In February 2007, I was sitting in my living room, listening to CBC Radio News, when I heard the fourth scientific report from the Intergovernmental Panel on Climate Change (IPCC).
The conclusion was that if humanity keeps on its current course of carbon dioxide production, the planet will be a very difficult place to live on 40 years from now. Powerful thoughts surged through my mind when I heard the news.
What do you think will happen if we can’t predict the weather and the oceans rise? Clearly, there will be massive migrations of people looking for food, water and a place to live.
In that moment I knew that social justice issues of unmanageable proportions will be precipitated if humanity does not reign in our current carbon dioxide production.
I was 40 years old and pregnant with my third daughter. I promised that baby inside of me that mommy was going to do what she could to make sure her world, 40 years from now, would be OK.
In September 2007, I applied to be trained by former (United States) vice-president Al Gore and the team of experts at the Climate Project. In February 2008, when I found out that I was going to be trained to be a volunteer climate change presenter, I was thrilled, yet shocked.
I could not believe that I was the person from Sudbury to be trained because of all the environmental expertise in this town. When I went for training and told people that I was from Sudbury, the often repeated reply was, “We are expecting big things from Sudbury.”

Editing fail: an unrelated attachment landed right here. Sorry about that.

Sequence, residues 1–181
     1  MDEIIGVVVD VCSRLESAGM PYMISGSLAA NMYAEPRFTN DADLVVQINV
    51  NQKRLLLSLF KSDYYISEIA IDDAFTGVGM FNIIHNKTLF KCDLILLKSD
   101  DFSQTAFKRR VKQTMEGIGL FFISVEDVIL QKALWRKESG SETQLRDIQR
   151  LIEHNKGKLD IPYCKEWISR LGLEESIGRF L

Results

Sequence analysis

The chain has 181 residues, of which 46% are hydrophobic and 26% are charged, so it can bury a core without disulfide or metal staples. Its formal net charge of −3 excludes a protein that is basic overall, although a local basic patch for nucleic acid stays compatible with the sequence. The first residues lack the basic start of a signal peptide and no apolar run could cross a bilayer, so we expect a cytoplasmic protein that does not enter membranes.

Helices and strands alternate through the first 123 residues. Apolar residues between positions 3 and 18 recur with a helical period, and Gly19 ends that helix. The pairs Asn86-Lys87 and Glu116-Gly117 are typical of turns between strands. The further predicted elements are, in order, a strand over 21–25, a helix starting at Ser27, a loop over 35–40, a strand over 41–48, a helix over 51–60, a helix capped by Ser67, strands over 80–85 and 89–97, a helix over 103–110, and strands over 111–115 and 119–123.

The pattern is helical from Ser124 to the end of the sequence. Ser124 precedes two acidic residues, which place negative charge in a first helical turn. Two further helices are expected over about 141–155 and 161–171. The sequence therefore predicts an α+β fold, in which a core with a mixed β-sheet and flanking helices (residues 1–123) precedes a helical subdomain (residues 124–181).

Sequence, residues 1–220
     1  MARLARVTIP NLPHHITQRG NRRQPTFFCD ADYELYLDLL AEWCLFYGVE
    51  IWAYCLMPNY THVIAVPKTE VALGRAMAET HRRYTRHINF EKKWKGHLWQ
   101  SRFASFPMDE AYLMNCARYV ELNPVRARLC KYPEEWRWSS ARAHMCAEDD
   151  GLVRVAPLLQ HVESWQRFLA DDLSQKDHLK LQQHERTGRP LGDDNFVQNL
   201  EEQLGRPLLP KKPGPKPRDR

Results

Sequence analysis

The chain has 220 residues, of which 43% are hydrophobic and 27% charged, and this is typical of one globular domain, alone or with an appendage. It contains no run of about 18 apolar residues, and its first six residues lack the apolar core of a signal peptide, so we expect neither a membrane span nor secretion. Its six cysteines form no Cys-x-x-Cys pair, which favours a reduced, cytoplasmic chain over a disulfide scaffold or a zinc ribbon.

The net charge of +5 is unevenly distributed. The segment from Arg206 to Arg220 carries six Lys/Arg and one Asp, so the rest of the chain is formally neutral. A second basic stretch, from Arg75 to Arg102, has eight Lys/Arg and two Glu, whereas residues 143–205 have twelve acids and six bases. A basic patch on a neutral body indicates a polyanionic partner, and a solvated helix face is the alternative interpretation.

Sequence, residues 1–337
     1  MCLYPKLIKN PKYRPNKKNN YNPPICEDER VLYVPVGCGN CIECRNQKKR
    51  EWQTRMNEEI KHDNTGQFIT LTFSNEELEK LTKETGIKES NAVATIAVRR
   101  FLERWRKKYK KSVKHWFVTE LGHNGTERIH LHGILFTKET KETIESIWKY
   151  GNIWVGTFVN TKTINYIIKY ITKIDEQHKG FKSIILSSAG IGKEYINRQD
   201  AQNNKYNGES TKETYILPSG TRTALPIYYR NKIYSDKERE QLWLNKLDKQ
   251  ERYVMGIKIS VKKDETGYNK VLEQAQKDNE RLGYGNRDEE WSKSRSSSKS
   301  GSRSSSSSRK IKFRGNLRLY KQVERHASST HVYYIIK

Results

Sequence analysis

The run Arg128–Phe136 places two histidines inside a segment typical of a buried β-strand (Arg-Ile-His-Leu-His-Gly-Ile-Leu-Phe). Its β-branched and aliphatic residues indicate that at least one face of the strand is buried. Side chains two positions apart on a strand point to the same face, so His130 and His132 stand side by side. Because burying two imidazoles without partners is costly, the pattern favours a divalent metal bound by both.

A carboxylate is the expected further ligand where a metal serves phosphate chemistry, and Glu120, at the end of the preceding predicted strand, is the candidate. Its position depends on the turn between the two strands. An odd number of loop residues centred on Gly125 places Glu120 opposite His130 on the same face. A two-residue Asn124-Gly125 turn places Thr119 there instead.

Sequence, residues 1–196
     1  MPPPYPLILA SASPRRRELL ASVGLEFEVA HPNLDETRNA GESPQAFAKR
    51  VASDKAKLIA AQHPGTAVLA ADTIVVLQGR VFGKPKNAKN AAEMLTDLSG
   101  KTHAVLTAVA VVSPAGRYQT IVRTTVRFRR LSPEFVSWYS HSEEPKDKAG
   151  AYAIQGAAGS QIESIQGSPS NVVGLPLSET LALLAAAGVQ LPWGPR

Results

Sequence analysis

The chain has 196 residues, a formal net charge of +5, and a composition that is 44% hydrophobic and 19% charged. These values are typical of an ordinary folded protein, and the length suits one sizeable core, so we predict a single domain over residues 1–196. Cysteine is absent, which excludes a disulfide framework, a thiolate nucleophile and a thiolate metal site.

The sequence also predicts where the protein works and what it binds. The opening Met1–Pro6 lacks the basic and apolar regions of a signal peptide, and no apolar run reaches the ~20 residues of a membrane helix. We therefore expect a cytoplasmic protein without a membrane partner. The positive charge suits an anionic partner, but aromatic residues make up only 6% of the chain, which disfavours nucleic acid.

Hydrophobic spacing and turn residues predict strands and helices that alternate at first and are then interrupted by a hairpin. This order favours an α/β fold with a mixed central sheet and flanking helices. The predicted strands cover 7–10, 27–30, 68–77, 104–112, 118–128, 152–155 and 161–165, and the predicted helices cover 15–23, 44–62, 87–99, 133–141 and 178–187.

After training, I was invited to be a blogger in the Greennexxus. My impression was that my blogs would be read only by fellow Climate Project trainees. My first blog was about how Sudbury inspired me to believe that we were going to be OK with regards to the climate crisis.
A day after posting my blog, I received a phone call from CBC Newsworld in Toronto. Apparently my blog was also posted on the CBC One Million Acts of Green website. CBC Newsworld came to Sudbury to tape a three minute news piece on why I feel that Sudbury will be one of the cities that lead the world out of the climate crisis.
It is now February 2011. I am inspired more than ever by this city. We have 38 volunteer citizen climate lobbyists who are working towards creating political will for a stable climate at the federal level.
Locally, we have crossed a huge threshold in preparing our city for the local social justice issues of adapting to our changing climate at the Moving Forward Together Conference, February 24-26, 2011.
Over 40 people faced the reality of the climate crisis this weekend. Both the Citizens Climate Lobbyist Group and the Sudbury Climate Consortium are looking for more people to join us.
For the first time in four years since I made that promise to my daughter, I can see light at the end of the tunnel. The world is watching Sudbury. We are leading the way.
Cathy Orlando co-chair of Sudbury’s Climate Consortium group leader of the Citizens Climate Lobby science outreach co-ordinator, Laurentian University